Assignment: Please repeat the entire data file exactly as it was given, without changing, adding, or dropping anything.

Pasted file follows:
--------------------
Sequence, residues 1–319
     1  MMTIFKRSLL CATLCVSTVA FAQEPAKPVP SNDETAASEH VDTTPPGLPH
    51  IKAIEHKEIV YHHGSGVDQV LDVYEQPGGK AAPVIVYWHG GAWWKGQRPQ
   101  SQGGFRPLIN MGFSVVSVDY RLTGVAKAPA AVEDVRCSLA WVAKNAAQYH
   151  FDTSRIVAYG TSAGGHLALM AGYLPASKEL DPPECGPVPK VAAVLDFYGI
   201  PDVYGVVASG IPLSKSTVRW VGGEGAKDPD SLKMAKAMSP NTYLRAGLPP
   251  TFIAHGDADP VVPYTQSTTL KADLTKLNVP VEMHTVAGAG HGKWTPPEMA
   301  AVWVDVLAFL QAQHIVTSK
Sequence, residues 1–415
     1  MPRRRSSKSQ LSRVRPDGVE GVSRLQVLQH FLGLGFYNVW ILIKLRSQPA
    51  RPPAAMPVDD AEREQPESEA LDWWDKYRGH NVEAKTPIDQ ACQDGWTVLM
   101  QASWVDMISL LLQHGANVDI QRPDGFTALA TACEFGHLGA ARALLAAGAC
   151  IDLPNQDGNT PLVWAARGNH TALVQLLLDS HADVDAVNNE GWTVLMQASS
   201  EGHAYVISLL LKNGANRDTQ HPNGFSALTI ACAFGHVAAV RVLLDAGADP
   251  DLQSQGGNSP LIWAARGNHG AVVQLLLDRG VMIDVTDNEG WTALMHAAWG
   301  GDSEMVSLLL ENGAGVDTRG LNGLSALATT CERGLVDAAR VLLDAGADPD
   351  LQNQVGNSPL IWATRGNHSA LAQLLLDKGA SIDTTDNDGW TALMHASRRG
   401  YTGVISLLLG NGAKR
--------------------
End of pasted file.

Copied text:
Sequence, residues 1–319
     1  MMTIFKRSLL CATLCVSTVA FAQEPAKPVP SNDETAASEH VDTTPPGLPH
    51  IKAIEHKEIV YHHGSGVDQV LDVYEQPGGK AAPVIVYWHG GAWWKGQRPQ
   101  SQGGFRPLIN MGFSVVSVDY RLTGVAKAPA AVEDVRCSLA WVAKNAAQYH
   151  FDTSRIVAYG TSAGGHLALM AGYLPASKEL DPPECGPVPK VAAVLDFYGI
   201  PDVYGVVASG IPLSKSTVRW VGGEGAKDPD SLKMAKAMSP NTYLRAGLPP
   251  TFIAHGDADP VVPYTQSTTL KADLTKLNVP VEMHTVAGAG HGKWTPPEMA
   301  AVWVDVLAFL QAQHIVTSK
Sequence, residues 1–415
     1  MPRRRSSKSQ LSRVRPDGVE GVSRLQVLQH FLGLGFYNVW ILIKLRSQPA
    51  RPPAAMPVDD AEREQPESEA LDWWDKYRGH NVEAKTPIDQ ACQDGWTVLM
   101  QASWVDMISL LLQHGANVDI QRPDGFTALA TACEFGHLGA ARALLAAGAC
   151  IDLPNQDGNT PLVWAARGNH TALVQLLLDS HADVDAVNNE GWTVLMQASS
   201  EGHAYVISLL LKNGANRDTQ HPNGFSALTI ACAFGHVAAV RVLLDAGADP
   251  DLQSQGGNSP LIWAARGNHG AVVQLLLDRG VMIDVTDNEG WTALMHAAWG
   301  GDSEMVSLLL ENGAGVDTRG LNGLSALATT CERGLVDAAR VLLDAGADPD
   351  LQNQVGNSPL IWATRGNHSA LAQLLLDKGA SIDTTDNDGW TALMHASRRG
   401  YTGVISLLLG NGAKR